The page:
Behind the dresser and the veil

Remembering St. Patrick, a former slave who help to banish ritualistic killings, is a pretty amazing affair.  Green, gold, leprechauns, parades and Shamrock shakes if you are lucky enough to live in a place where they serve them.  It’s green rivers here in the United States and beer.  Lots of it.  Whiskey if you are even luckier.  Not to mention the holiday that allowed Peter Cottontail to finally tell the truth and strip Irontail of the Chief Easter-bunny title.  I do want chocolate octopuses though.

Moving my furniture around last night unearthed a St. Patrick picture behind the dresser.  This is was a happy reminder of the saint after getting ready for today by watching ghost stories about the Emerald isle into the wee hours.  The holy and mystical Bishop must approve.  So a happy day of feasting all around even in the realm of the unseen.

The Banshee is a spirit that you most associate with Ireland.  One is supposedly connected to each Irish clan.  Rarely seen the Banshee is mostly heard and the cry is an omen of misfortune and death.  When seen she can appear as an old wizened woman wailing and brushing her long white hair or as a dark-haired mournful ethereal beauty.  In the worst cases the banshee will manifest as downright demonic.  One Banshee, connected with a golden ring, was said to be so dreadful in appearance that at least two people died of fright after seeing her.

I guess that means no second date for her.

Then there is the elemental spirit which is the most horrible in lore.  And one of the best places to find an elemental is Leap Castle in County Offaly.  There “lives” the infamous ‘It’ which was immortalized in 1909 by Mildred Darby for the Journal Occult Review:

“I was standing in the Gallery looking down at the main floor, when I felt somebody put a hand on my shoulder. The thing was about the size of a sheep. Thin guanting shadowy…, it’s face was human, to be more accurate inhuman. Its lust in its eyes which seemed half decomposed in black cavities stared into mine. The horrible smell one hundred times intensified came up into my face, giving me a deadly nausea. It was the smell of a decomposing corpse.”

Mrs. Darby had been dabbling in the occult as it was the fashion of the day and that seems to have stirred the creature from its shadowy world. In 1922 the Darbys were targeted in Ireland’s war for independence.  Being an English family, the castle was attacked, gutted and it would stand empty for seventy years.  Though reports of lighted upper windows in the dead of night persisted.

Where ‘It’ came from is a mystery. Some think the Bloody Chapel is the key.  In 1532 the castle was a stronghold of the powerful Irish princes and Chieftains of the O’ Carroll family.  The death of the Chieftain ignited a bitter feud and struggle for power between two brothers. One brother was a priest.  While he was celebrating Mass with family members the rival brother interrupted the holy rite.  Wielding a sword he in a slew the priest.  The slain brother died on the altar and the Bloody Chapel earned its name.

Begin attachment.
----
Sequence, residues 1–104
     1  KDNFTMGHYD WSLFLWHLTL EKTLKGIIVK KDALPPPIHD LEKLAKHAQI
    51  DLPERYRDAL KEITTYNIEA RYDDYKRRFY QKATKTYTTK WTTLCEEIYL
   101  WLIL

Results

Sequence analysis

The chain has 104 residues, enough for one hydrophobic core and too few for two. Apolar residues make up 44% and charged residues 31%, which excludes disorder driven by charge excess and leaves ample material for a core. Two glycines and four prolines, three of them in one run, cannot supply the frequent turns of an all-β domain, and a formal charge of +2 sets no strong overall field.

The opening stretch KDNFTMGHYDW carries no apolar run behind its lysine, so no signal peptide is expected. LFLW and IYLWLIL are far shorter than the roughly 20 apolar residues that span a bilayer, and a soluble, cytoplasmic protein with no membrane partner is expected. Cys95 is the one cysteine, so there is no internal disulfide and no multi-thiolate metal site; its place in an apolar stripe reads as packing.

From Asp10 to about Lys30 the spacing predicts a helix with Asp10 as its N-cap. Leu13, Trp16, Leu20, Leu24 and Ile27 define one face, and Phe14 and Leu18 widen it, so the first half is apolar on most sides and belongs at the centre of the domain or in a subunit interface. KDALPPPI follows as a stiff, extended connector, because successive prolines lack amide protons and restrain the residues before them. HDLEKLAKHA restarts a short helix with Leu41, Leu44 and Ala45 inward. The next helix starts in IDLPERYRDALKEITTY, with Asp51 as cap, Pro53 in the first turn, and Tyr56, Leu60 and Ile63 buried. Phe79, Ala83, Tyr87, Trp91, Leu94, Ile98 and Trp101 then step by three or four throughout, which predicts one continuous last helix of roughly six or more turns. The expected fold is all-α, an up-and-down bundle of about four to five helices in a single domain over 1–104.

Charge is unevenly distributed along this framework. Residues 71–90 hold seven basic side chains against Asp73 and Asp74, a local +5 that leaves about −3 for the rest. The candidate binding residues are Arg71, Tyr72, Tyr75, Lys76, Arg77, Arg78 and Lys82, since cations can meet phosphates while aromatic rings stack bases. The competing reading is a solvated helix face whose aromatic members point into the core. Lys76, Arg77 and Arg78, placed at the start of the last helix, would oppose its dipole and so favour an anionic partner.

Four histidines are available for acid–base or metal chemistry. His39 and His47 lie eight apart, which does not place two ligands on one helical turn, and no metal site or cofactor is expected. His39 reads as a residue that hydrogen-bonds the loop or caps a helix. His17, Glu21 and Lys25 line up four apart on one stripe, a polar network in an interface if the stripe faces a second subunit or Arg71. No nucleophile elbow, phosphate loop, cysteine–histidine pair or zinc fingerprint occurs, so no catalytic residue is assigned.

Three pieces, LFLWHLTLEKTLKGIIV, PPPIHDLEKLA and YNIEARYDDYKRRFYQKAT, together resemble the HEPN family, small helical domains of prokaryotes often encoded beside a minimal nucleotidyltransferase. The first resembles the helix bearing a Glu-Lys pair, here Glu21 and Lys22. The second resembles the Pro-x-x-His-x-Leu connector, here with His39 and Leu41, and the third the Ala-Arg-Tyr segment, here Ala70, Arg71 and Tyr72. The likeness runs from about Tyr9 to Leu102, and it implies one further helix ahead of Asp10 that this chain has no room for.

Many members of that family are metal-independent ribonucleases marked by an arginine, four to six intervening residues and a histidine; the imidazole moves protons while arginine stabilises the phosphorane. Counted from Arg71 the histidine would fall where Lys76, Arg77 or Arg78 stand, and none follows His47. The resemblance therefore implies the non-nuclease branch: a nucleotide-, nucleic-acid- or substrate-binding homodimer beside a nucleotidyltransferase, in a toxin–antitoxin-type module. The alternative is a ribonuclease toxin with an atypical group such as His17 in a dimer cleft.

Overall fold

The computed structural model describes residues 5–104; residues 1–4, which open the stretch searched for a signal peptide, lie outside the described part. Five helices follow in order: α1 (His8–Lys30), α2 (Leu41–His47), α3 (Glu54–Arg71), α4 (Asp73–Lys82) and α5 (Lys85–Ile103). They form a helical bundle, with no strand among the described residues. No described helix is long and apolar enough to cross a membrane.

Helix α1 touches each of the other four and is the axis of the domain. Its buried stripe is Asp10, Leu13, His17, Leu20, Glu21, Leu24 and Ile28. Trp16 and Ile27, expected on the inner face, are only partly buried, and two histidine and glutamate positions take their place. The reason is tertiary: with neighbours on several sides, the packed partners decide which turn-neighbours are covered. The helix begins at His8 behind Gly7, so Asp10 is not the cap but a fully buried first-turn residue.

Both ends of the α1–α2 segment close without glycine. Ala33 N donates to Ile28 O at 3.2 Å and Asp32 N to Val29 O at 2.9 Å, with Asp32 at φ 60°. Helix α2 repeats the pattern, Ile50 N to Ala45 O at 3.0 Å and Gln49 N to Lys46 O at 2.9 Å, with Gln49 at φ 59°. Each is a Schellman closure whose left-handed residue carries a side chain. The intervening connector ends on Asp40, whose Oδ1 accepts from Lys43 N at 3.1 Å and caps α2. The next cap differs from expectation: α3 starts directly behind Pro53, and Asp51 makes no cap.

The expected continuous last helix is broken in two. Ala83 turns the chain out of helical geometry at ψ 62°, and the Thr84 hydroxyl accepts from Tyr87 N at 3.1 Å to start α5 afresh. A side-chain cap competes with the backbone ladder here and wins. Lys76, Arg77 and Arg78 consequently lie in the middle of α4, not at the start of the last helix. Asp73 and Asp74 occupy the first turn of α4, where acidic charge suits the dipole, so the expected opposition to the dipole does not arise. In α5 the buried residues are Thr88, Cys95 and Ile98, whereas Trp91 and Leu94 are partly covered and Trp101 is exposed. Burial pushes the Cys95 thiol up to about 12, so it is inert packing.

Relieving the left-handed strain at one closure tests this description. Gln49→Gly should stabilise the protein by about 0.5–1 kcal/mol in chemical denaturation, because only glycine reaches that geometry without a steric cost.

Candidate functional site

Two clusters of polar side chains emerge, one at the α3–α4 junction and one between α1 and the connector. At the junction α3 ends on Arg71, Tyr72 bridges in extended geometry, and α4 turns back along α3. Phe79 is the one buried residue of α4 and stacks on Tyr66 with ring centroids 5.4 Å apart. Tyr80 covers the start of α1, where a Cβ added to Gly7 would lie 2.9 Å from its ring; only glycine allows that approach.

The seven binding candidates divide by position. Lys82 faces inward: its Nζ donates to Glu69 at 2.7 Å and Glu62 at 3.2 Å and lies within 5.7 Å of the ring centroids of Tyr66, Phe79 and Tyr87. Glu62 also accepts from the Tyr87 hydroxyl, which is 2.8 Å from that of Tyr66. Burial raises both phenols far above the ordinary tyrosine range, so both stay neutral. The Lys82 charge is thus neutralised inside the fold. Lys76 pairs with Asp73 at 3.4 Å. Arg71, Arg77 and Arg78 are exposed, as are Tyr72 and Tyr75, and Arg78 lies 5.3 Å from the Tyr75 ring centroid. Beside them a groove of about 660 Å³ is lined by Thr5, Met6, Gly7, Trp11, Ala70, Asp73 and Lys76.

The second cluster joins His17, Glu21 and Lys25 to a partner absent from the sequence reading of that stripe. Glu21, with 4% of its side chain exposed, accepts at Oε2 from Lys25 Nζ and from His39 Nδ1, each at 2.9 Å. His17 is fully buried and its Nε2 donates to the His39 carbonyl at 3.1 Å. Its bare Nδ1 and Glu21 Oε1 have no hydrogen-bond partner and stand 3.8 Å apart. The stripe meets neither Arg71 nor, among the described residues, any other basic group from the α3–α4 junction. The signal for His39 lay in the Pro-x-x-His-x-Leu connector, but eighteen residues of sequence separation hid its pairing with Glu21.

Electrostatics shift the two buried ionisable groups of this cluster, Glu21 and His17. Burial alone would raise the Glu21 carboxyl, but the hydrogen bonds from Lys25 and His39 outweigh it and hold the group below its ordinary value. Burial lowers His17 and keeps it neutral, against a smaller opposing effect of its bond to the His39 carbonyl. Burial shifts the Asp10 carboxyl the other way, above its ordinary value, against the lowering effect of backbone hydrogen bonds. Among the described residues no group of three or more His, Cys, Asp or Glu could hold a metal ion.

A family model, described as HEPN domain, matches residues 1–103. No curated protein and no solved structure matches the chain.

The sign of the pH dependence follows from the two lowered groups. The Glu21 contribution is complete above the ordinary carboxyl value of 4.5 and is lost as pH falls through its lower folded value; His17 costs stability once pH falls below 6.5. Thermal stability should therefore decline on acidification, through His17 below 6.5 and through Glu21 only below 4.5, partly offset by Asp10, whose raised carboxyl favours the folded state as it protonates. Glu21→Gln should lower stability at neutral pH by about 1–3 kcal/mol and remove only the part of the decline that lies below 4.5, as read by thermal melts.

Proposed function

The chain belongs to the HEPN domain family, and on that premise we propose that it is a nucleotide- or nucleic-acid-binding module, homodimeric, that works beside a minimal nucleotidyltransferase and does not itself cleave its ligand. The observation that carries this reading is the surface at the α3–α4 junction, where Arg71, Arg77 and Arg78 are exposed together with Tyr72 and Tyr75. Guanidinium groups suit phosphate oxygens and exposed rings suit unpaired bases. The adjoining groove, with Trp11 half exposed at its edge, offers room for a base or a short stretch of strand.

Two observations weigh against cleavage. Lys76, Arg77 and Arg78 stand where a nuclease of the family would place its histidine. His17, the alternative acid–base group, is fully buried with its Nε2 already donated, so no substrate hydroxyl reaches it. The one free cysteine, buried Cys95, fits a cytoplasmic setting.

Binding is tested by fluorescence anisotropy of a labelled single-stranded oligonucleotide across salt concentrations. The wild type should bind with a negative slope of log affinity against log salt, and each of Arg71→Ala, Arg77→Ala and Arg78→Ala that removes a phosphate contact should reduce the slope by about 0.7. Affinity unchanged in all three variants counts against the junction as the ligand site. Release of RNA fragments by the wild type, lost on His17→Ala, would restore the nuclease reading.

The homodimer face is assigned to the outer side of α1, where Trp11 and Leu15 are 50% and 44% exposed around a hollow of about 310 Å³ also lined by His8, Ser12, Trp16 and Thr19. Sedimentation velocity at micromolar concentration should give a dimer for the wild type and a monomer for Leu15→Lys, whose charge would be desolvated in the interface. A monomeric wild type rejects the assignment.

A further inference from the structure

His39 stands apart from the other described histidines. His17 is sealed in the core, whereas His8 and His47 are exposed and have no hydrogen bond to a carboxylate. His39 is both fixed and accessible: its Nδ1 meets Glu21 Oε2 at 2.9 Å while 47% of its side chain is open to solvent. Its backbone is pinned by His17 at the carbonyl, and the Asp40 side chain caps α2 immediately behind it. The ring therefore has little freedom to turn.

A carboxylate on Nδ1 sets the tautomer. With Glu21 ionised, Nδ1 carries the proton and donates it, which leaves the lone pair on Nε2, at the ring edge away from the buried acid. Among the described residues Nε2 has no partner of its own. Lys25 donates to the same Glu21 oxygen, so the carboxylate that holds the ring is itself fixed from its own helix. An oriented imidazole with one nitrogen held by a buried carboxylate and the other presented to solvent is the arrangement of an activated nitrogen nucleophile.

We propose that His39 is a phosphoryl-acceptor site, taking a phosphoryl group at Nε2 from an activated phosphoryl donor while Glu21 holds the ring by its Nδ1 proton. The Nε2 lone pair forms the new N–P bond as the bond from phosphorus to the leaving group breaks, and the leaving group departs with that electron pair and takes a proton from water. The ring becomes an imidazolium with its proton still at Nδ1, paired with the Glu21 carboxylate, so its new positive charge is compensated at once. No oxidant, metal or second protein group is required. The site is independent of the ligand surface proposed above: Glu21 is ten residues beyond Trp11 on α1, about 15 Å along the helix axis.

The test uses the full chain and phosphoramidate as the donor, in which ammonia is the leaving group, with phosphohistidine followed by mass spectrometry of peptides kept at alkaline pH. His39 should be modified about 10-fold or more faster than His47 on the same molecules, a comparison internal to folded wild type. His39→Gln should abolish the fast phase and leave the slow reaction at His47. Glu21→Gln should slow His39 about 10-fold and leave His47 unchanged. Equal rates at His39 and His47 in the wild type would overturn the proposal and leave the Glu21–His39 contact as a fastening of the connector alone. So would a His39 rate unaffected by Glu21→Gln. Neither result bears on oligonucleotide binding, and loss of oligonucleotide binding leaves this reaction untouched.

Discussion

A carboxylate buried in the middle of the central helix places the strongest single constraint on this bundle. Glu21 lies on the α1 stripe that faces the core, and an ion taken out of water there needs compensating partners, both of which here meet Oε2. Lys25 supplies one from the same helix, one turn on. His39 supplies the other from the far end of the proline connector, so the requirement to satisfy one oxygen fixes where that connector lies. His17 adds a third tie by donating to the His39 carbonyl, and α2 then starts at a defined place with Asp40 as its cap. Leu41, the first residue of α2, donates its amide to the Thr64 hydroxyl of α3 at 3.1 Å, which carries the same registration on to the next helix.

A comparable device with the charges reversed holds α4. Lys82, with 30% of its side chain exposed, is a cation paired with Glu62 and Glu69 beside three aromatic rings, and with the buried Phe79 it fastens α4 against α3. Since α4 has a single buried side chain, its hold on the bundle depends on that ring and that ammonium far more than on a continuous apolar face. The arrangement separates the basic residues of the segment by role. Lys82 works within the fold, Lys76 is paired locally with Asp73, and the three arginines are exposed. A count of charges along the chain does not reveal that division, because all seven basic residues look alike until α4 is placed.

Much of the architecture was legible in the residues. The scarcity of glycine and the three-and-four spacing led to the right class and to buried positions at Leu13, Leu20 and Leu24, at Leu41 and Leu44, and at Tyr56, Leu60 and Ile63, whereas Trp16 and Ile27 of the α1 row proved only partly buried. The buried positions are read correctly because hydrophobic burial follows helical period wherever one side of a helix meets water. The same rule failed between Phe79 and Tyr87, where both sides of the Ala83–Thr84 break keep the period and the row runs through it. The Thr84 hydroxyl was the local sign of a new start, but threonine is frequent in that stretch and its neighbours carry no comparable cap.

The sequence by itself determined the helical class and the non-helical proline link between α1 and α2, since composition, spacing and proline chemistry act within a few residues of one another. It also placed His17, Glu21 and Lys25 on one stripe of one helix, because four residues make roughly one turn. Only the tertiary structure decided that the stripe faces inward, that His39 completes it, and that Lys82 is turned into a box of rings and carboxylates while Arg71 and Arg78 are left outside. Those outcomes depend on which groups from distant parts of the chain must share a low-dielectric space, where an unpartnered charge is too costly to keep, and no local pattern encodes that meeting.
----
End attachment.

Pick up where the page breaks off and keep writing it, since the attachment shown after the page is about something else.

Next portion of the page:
Others think the small ubliet found just off the Chapel was to blame for the elemental spirit.  A small dungeon with a false floor that the prisoner would fall through.  If lucky they would be impaled on a spike below.  Otherwise he would be left to starve to death but well within sights, sounds, and scents of life and happiness.  A small slit of a window is in the door-less room with a view of the main entrance and the kitchen was near enough to be able to know what was on the nightly menu.

This torture chamber kept her victims until somewhere around 1900.  The workmen employed for the clean-up hauled away three carts filled with bones.  A pocket watch made in 1820 was also discovered in the ubliet leaving question of when the dungeon really stopped accepting new victims open and never to answered.

In 1970 a white witch from Mexico was brought to Leap Castle by the new owner to rid the castle of the spirits that seemed to claim the dwelling from the living.  After her communing with the ghosts for a few hours the witch stated there were no longer any evil entities.  The witch went on to say that benign souls that lingered in the ruinous castle wanted to remain.

In 1990 Leap Castle was again sold.  This time the family who purchased it wanted to restore the castle and live there.  The husband met with two accidents, one shattering and losing a kneecap, the other accident resulted in a broken ankle.  Both accidents seemed to be signs to the owners that they were not welcome but they were determined to make peace with the spirits and stayed.

So much is their love for the castle that they used the Bloody Chapel to christen their daughter. It seems to have altered the atmosphere. Somehow, four hundred years after the countless murders began, the castle took on a different mood.  The spirits seemed to be light afterward and maybe at long last found peace.


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